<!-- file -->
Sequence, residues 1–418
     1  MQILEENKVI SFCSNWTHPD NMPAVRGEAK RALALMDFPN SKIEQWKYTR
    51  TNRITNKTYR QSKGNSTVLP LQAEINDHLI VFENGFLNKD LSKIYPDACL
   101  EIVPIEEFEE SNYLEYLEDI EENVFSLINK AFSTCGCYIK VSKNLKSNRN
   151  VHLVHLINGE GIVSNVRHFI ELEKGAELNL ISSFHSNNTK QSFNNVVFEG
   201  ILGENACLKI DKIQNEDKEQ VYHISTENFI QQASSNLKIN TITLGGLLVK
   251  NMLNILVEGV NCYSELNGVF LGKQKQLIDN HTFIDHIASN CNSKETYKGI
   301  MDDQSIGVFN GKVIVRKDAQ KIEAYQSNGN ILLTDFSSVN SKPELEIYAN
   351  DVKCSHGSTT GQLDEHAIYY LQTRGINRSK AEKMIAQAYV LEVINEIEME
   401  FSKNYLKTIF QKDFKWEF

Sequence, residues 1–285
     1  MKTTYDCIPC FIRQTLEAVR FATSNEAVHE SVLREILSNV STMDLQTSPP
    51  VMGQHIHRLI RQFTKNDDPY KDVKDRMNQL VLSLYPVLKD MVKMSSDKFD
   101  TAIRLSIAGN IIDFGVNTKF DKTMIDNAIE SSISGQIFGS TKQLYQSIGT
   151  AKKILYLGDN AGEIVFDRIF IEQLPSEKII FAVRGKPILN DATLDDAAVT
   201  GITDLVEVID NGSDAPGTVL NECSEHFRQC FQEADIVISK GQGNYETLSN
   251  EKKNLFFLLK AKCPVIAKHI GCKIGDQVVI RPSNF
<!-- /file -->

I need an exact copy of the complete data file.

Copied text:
Sequence, residues 1–418
     1  MQILEENKVI SFCSNWTHPD NMPAVRGEAK RALALMDFPN SKIEQWKYTR
    51  TNRITNKTYR QSKGNSTVLP LQAEINDHLI VFENGFLNKD LSKIYPDACL
   101  EIVPIEEFEE SNYLEYLEDI EENVFSLINK AFSTCGCYIK VSKNLKSNRN
   151  VHLVHLINGE GIVSNVRHFI ELEKGAELNL ISSFHSNNTK QSFNNVVFEG
   201  ILGENACLKI DKIQNEDKEQ VYHISTENFI QQASSNLKIN TITLGGLLVK
   251  NMLNILVEGV NCYSELNGVF LGKQKQLIDN HTFIDHIASN CNSKETYKGI
   301  MDDQSIGVFN GKVIVRKDAQ KIEAYQSNGN ILLTDFSSVN SKPELEIYAN
   351  DVKCSHGSTT GQLDEHAIYY LQTRGINRSK AEKMIAQAYV LEVINEIEME
   401  FSKNYLKTIF QKDFKWEF

Sequence, residues 1–285
     1  MKTTYDCIPC FIRQTLEAVR FATSNEAVHE SVLREILSNV STMDLQTSPP
    51  VMGQHIHRLI RQFTKNDDPY KDVKDRMNQL VLSLYPVLKD MVKMSSDKFD
   101  TAIRLSIAGN IIDFGVNTKF DKTMIDNAIE SSISGQIFGS TKQLYQSIGT
   151  AKKILYLGDN AGEIVFDRIF IEQLPSEKII FAVRGKPILN DATLDDAAVT
   201  GITDLVEVID NGSDAPGTVL NECSEHFRQC FQEADIVISK GQGNYETLSN
   251  EKKNLFFLLK AKCPVIAKHI GCKIGDQVVI RPSNF